About the 109 synapse, read on friflyt.no that it won’t be apart of next years line of skis. However the skinnier widths of the synapse remain.

  8. Max January 19th, 2017 5:53 am

    How does the SENDr compare to the G3 District 112 of a few seasons ago? I still ski mine in the Andes, a very fun and playful ski. Dimensions are in the same arena (140/112/130).

  9. Bill H January 19th, 2017 4:01 pm

    How about a theoretical head-to-head shoot out between ROAMr 108, 108, Kufo 108, Helio 105, Volkll 100Eightand maybe a Coomback 104?

    Granted, you didn’t get to ski the ROAMr, but you know, like if you had to guess, or if you went skiing in imagination land? πŸ˜‰

    I think this is the one of the best all-around size classes for the CO Rockies for ‘most-of-the-time’ winter touring, so I’m always curious to hear more in-depth/drill-down opinions on things in this class from people who’ve gotten to ski multiple options.

  10. Evan January 19th, 2017 11:08 pm

    Synapse is still in the line for next year! I wasn’t sure if the empire was leaving or not but you better get some if they are! SENDR is rock solid, just a touch less playful. But handles the variable better than empires.

  11. Michael January 20th, 2017 8:12 am

    Bill H I’d throw the Blizzard Zero G 108 in that discussion. Great ski.

    I’ve skied the Synapse 109, Volkl BMT 109, Zero G 108, and Helio 105. I’d say Zero G and BMT are neck and neck for 2 of the bet all-around touring skis I’ve ever been on. Both handle all snow conditions very admirably. Zero G is a bit better on firm and BMT is a bit better in pow and wet snow. Synapse is an good pow ski but not much of an all-arounder. Hello is a fine ski and the lightest of the bunch, but the Zero G 108 and BMT 109 are better all-around skis on the down IMO.

    No time on the others.

  12. Lou Dawson 2 January 20th, 2017 8:41 am

    Thanks Micheal, side-by-side tested feedback is gold. I’d agree with your take exactly. And of course, they probably both belong in this year’s Ultimate Quiver… Lou

  13. Bill H January 20th, 2017 12:23 pm

    Thanks Michael,

    Funny enough, I meant to write the zeroG and when I did some cut and pasting I accidentally deleted it (its the second blank ‘108’ after the ROAMr). You also read my mind on the Volkls (I was thinking of the BMT when I said the 100Eight) Can’t wait to get out on some of those.


  14. Michael January 20th, 2017 1:46 pm

    Sounds good Bill H. You can’t go wrong with either the Zero G 108 or BMT 109. I just found the Helio a little grabby in the tail and not as effortless in poor snow as these other 2.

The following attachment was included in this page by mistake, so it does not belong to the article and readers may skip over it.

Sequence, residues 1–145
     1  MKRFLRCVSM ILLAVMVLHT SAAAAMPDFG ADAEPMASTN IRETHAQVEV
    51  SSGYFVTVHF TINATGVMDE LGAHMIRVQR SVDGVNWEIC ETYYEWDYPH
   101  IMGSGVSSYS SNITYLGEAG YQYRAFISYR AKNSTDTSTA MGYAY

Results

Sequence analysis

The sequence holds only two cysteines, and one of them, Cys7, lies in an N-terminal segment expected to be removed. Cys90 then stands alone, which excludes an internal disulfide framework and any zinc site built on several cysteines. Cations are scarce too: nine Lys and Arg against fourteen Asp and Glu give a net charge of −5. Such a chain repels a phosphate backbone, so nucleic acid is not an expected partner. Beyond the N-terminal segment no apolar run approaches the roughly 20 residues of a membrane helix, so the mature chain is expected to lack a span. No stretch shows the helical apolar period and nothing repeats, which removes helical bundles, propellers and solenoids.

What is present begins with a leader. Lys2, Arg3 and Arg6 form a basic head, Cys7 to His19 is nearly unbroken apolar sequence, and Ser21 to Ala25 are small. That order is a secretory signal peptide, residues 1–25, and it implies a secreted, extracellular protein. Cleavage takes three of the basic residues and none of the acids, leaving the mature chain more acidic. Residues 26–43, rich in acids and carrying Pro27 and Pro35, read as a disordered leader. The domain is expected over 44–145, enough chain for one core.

15. Truax January 20th, 2017 5:41 pm

    Gonna echo a lot of Michael’s thoughts here. While I haven’t been on the BMT109 (too costly and IMO, ridiculous mounting pattern), I’ve skied/owned that Synapse 109, Helio 105, and the ZeroG 108. Synapse is meh, Helio is good, and ZeroG is great.

    ZeroG easily rose to the top for my all around Rocky Mtn touring rig. It may be the most versatile BC setup that I’ve skied to date (!). It’s quite the blend of performance, fun, and weight. As much as I wanted to keep the Helio based on metrics, the ZeroG was a no brainer based on how well it skis.

    We’ve also got the new Voile Supercharger at ~106 underfoot as well as the newly lightened up Hoji. The Hoji may be a *tad* bit heavy compared to the others here, but is in that 110ish underfoot category with great performance, I’d wager a guess ala the BMT109. Maybe someone can chime in. It is much less costly than the BMT – not to mention you can put any binding on the Hoji. For powder, the Hoji is one of the most pure type 1 fun skis that I’ve been on in the backcountry. SO much plane, stability, and maneuverability. Ahhhh, skiing πŸ™‚ I may have just talked myself into getting another pair of Hojis πŸ˜†

  16. andy January 21st, 2017 8:32 am

    Truax and Michael: Awesome beta! Thank you! Curious: What didn’t you like about the Helio vs. Zero G 108? I realize it might be something subtle, but that’s fine. i’m debating these two skis.

  17. Michael January 21st, 2017 7:35 pm

    I thought the Helio was a bit grabby in the tail compared to the Zero G. It was detuned and still felt a little catchy in bad snow. I’ve skied the Helio 5 days, in corn 1 day, good pow a few days, and some variable snow a day or 2. I have a lot of time on the Zero G in all conditions. The Zero G is easier to manage in difficult snow (crusts, wet snow, chunky snow). Less hooky in crusts, easier to disengage the tail is I guess how I’d put it. Deflects less. It’s also more solid on firm snow for things like jump turns on steeps. The Helio is fine in good pow and poppy in corn. It’s a good ski. I just think the Zero G and BMT separate themselves in poor snow from the other skis. Of course there’s a small weight penalty for the Blizzard compared to the Helio.

  18. andy January 22nd, 2017 9:51 pm

    @Michael. Thank you. I thought that might be the answer based on other posts, but am surprised given that the Helio is softer and has more rocker at the tail than the zero g 108. Weird. I have a zero g 95 I’m not liking and want fatter and less twitchy.

  19. Truax January 22nd, 2017 9:59 pm


    Gonna say that Michael pretty much covered it to a T.

    I also ski a zeroG 85. Not twitchy, just solid with a slight detune in the tip and tail. Same with zeroG 108, but even less worrisome in terms of hookiness. 108 is money.

    Regarding having a zeroG 95 that may not be working for you – holler at me if they’re 178 with a Rad mount near 300bsl – I may be down to take em off your hands!

  20. Dell Todd January 31st, 2017 12:05 pm

    Did G3 let anybody play with the new STINGr XCD skis?

  21. Eastcoastdan October 30th, 2018 11:42 am

    Can anyone compare this ski to the Volkl V Werks 122? Trying to decide on a new touring ski for fresh snow & deep-er days. Unfortunately it is hard to even look at these in my neck of the woods, nevermind demo a pair.